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I have a real life scenario where each Organisation has one Owner and multiple Employees. I am comfortable with how to design the database however am not so crash hot on the OO design.

In database terms:

  • there is a one-to-many between User and Org, because a user can own many orgs
  • there many-to-many between User and Org, in the form of an Employee table

As far as I can see, I could take two different approaches to designing the classes.

  1. In the first approach, I would have a User class and an Organisation class only
  2. In the second approach, I would have Employee and Owner classes, which both inherited from a User class, plus an Organisation class as well.

Given that my Owners and Employees are substantially specialised I'm heading toward the second option. How am I doing? Am I on the right track?

I have been working through material on domain driven design (includng Eric Evans' book), however I could really do with some practical examples to work through. Any good sources?

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1 Answer 1

You should consider the answers to these questions in order to decide whether choose solution #1 or #2:

  • How much do owners and employees differ in terms of fields? The more they differ, the better #2.
  • Can you think of operations/methods over employees that doesn't make sense for owners (or vice versa)? And even if not at the moment, what about possible future requirements? If yes, then it could be better #2.
  • Can you think of operations/methods where you need to manipulate both owners and employees uniformly? You may want to choose #1 in this case, but of course you also may implement them in the base abstract class or define them in a common interface.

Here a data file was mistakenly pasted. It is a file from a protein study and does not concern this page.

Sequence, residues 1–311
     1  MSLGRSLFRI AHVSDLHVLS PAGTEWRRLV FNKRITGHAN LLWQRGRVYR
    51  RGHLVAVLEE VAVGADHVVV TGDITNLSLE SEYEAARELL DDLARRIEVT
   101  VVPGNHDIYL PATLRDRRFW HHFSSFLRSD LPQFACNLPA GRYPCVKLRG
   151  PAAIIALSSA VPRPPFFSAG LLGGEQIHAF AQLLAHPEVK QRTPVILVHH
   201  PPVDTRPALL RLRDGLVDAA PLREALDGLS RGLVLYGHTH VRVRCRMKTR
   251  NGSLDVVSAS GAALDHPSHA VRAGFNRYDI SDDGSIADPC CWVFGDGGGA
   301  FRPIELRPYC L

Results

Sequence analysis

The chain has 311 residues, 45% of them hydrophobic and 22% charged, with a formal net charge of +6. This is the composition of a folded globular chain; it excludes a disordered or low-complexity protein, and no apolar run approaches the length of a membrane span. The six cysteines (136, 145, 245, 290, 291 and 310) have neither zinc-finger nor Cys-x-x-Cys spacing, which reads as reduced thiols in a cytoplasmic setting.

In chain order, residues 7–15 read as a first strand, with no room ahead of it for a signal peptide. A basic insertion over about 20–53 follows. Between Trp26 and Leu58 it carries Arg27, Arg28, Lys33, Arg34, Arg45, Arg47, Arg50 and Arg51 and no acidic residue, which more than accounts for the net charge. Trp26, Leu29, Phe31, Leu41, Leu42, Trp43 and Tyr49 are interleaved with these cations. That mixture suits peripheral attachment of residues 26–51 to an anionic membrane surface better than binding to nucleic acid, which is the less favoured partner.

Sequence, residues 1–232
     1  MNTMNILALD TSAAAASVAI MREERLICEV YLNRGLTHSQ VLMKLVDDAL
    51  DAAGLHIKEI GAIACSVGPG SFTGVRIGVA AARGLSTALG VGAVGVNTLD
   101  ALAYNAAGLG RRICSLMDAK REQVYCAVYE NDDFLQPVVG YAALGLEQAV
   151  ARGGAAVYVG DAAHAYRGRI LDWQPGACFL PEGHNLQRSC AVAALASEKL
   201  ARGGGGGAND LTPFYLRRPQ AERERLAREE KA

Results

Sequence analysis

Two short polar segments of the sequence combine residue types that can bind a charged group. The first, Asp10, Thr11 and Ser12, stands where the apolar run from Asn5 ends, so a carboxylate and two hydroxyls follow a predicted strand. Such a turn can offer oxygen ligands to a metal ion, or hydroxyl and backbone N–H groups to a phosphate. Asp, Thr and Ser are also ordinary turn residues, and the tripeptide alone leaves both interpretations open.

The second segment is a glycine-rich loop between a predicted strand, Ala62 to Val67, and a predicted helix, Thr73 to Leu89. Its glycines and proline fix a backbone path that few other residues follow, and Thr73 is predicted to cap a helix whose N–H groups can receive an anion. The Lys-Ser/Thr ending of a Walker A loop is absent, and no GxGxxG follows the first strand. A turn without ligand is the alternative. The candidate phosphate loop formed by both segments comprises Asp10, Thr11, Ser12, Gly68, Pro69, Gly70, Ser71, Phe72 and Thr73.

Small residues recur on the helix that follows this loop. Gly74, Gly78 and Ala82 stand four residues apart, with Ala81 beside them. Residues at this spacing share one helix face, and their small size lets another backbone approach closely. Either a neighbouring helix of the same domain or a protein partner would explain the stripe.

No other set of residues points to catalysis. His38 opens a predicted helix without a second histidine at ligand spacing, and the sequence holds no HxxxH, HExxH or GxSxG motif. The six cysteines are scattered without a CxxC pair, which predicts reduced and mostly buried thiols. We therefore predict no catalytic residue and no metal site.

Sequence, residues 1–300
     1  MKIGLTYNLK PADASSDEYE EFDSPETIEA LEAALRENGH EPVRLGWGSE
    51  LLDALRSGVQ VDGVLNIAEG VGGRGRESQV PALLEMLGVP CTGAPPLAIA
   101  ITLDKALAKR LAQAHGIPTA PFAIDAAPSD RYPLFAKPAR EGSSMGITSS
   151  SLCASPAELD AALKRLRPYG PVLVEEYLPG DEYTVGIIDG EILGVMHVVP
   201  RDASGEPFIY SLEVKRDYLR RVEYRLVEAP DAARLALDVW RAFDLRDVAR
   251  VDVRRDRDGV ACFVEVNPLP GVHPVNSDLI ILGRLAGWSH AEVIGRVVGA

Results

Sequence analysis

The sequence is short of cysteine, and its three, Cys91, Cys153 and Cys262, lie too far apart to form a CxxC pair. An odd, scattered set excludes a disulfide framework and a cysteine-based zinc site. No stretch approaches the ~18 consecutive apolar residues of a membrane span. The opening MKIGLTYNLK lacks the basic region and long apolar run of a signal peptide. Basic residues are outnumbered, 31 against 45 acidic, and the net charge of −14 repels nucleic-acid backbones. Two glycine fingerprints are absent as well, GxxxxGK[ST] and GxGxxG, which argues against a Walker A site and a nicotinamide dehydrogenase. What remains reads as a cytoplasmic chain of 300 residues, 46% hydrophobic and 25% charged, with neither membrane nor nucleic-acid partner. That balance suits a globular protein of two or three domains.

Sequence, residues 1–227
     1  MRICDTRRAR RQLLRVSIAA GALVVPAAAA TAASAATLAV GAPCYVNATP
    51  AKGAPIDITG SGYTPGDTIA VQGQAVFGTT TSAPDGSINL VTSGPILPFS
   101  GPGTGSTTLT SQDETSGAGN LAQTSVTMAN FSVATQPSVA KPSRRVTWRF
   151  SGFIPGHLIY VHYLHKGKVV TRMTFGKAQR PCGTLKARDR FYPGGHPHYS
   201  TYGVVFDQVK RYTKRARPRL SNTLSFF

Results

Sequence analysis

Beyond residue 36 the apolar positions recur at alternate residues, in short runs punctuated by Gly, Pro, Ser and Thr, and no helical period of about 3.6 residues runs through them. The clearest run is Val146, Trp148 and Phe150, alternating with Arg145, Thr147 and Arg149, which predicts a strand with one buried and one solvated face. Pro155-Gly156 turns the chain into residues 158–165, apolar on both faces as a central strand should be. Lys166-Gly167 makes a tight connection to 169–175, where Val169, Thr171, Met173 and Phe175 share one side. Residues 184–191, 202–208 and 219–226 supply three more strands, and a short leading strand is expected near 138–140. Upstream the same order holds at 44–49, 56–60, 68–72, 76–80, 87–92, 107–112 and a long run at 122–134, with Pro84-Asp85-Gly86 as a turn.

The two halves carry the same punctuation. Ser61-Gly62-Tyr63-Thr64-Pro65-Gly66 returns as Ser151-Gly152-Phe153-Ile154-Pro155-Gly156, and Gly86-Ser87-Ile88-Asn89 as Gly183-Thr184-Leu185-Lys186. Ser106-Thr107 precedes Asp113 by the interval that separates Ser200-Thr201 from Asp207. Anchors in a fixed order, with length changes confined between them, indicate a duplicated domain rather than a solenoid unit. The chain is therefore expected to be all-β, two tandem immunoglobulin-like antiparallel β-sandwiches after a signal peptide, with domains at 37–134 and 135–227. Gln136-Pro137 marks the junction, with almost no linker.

• Can owners be at the same time employees? If yes, then #1 have a point.

edit: What about separating the concerns? People are just people, and being an owner or a employee it's a role you associate to people. So Role could be just an interface (with at least a person() and a company() getter) or an abstract class, with Owner and Employee as sub-classes. A Person class just keeps track of personal informations and roles (with a generic Roles roles() getter, or with two specialized ones for Owner and Employee).,

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edit: I added the third point. –  Riccardo Sep 13 '11 at 8:56
Hi Ricardo, Thanks. I'm confortable with the first three points. In relation to point 4, owners can also be employees. How should I deal with this? I really think I need to go with option 2, because employees and owners are really quite different... –  Kim Prince Sep 13 '11 at 9:42
Hum then you may want to consider the alternative solution I added to my post. –  Riccardo Sep 13 '11 at 9:58

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